It is amusing before moving on to recall a couple of the many times pseudoquestions like this have been used to destroy Evil Computers in books and movies. The Prisoner, for example, asking ``The General'' the one word question ``Why?'' The very question above causing an Evil Robot to melt down in the sequential cycle in the old television version of Lost in Space. Harlie (in Gerrold's When Harlie was One) concluding that all one needs to answer this sort of question is an infinite amount of time and awareness, as it sets out to perpetuate its own, greatly augmented, existence for that purpose.

Hah. Good Luck Harlie.

All of this digression is really only intended show that axioms, far from being ``self-evident truths'' or even the gentler ``established principles'' are, in both mathematics and derived usage in physics, science, philosophy and other disciplines nothing greater than assumptions. There is nothing more dangerous or powerful in the philosophical process than selecting one's axioms. There is nothing more useless than engaging in philsophical, religious, or social debate with another person whose axioms differ from one's own.

An axiom is at heart something that cannot be proven. It is something whose truth or falsehood cannot even be addressed (except, of course, in any of a variety pseudoquestions and additional axiomatically derived answers that will soon have all the participants melting down in a puff of smoke or writing grants for the purpose of perpetuating existence while working out the ``answers''). An axiom is a free choice, a selection out of an infinite space of possibilities, upon the back of which which we will choose to derive our system of so-called reasoning, dealing with contradictions and inconsistencies as best we can - or just ignoring them.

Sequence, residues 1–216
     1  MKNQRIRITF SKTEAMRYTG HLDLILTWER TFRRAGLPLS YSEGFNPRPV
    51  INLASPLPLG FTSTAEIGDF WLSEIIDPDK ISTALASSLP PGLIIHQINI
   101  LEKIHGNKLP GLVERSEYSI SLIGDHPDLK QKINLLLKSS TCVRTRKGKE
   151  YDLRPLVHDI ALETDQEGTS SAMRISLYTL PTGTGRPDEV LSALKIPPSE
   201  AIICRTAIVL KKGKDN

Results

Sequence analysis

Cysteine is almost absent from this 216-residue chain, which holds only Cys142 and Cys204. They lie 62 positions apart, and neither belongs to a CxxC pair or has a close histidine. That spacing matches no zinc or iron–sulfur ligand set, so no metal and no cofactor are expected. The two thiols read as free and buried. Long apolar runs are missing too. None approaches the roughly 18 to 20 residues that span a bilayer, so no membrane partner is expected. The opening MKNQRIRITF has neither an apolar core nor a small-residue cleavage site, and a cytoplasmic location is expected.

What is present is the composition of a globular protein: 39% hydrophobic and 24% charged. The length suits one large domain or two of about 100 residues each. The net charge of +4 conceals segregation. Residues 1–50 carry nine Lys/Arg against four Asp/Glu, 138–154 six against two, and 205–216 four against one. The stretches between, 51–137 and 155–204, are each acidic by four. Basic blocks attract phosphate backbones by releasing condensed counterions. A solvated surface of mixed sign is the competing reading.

How to convince you of the importance of coming to a full, conscious realization of the truth of this observation in real human affairs? We have to take a journey of two parts. The first is through a historical exploration of fundamental axioms of The Cosmic All, with David Hume as our tour guide (accompanied by his two clowns, Decartes and Berkeley). The second is through a very much current exploration of genetic optimization, self-organized structure, and social geneto-memetics.

Yes, sorry, this may or may not be easy for you (depends, for example, on whether or not you are fully sentient or just pretending) but there is little alternative. If you've been paying attention and haven't already figured out where I'm going with everything to the point where you are horribly bored, you should now be intellectually poised above a pit of existential despair.